"Remaining at Rome twelve days he pulled down everything that in ancient times had been made of metal for the ornament of the city, to such an extent that he even stripped off the roof of the church [of the blessed Mary] which at one time was called the Pantheon, and had been founded in honor of all the gods and was now by the consent of the former rulers the place of all the martyrs; and he took away from there the bronze tiles and sent them with all the other ornaments to Constantinople."
Much fine external marble has been removed in the course of the centuries, and there are capitals from some of the pilasters in the British Museum. The only other loss has been the external sculptures, which adorned the pediment above Agrippa's inscription. The marble interior and the great bronze doors have survived, although the latter have been restored.
Since the Renaissance the Pantheon has been used as a tomb. Among those buried there are the painters Raphael and Annibale Caracci, the architect Baldassare Peruzzi. In the 15th century, the Pantheon was adorned with paintings: the best-known is the "Annunciazione" by Melozzo da Forlž. Architects, like Brunelleschi, who used the Pantheon as help when designing the Duomo, looked to the Pantheon as inspiration for their works.
During the reign of Pope Urban VIII (died 1644), the Pope ordered the bronze ceiling of the Pantheon's portico melted down. Most of the bronze was used to make bombards for the fortification of Castel Sant'Angelo, with the remaining amount used by the Apostolic Camera for various other works. (It is also said that the bronze was used by Bernini in creating the baldachino above the main altar of St. Peter's Basilica, but according to at least one expert, the Pope's accounts state that about 90% of the bronze was used for the cannon, and that the bronze for the baldachin came from Venice.) This led to the Latin proverb, Quod non fecerunt barbari, fecerunt Barberini ("What the barbarians did not do, the Barberinis [Urban VIII's family name] did").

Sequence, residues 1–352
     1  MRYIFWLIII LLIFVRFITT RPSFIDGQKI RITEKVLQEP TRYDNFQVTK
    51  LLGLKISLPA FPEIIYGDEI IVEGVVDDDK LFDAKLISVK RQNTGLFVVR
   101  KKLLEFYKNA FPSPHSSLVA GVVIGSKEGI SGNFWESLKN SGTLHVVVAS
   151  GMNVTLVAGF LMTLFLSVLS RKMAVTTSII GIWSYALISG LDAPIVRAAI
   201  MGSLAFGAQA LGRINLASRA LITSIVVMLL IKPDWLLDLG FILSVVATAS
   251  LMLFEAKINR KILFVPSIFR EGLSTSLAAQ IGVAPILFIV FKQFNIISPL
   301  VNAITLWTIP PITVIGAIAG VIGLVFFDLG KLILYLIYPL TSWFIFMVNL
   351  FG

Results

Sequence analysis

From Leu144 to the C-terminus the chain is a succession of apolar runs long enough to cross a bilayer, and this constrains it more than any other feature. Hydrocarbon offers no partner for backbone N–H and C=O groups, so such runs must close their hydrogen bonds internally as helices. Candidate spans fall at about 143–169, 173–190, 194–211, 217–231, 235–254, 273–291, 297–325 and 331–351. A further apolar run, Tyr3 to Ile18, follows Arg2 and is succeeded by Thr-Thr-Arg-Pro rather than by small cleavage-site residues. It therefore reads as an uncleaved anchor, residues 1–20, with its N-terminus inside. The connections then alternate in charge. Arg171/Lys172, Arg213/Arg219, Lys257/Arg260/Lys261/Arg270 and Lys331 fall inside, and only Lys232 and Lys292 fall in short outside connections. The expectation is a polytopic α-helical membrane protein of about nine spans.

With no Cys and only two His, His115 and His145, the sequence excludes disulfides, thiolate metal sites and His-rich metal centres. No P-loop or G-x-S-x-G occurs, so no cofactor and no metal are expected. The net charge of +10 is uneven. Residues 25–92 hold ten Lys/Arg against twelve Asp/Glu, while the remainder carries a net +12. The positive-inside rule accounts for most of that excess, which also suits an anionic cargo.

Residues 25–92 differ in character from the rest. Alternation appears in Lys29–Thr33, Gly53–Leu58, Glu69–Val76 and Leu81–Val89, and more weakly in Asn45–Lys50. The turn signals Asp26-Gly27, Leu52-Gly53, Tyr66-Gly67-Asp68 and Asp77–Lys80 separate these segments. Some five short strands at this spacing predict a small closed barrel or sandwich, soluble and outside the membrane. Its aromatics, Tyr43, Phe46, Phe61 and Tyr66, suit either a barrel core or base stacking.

In 1747, the broad frieze below the dome with its false windows was 'restored,' but bore little resemblance to the original. In the early decades of the twentieth century, a piece of the original, as could be reconstructed from Renaissance drawings and paintings, was recreated in one of the panels.
Also buried there are two kings of Italy: Vittorio Emanuele II and Umberto I, as well as Umberto's Queen, Margherita. Although Italy has been a republic since 1946, volunteer members of Italian monarchist organisations maintain a vigil over the royal tombs in the Pantheon. This has aroused protests from time to time from republicans, but the Catholic authorities allow the practice to continue, although the Italian Ministry of Cultural Heritage is in charge of the security and maintenance.
The Pantheon is still a church and masses are still celebrated in the church, particularly on important Catholic days of obligation, and for weddings.
For more information on the The Pantheon, visit the source at Wikitravel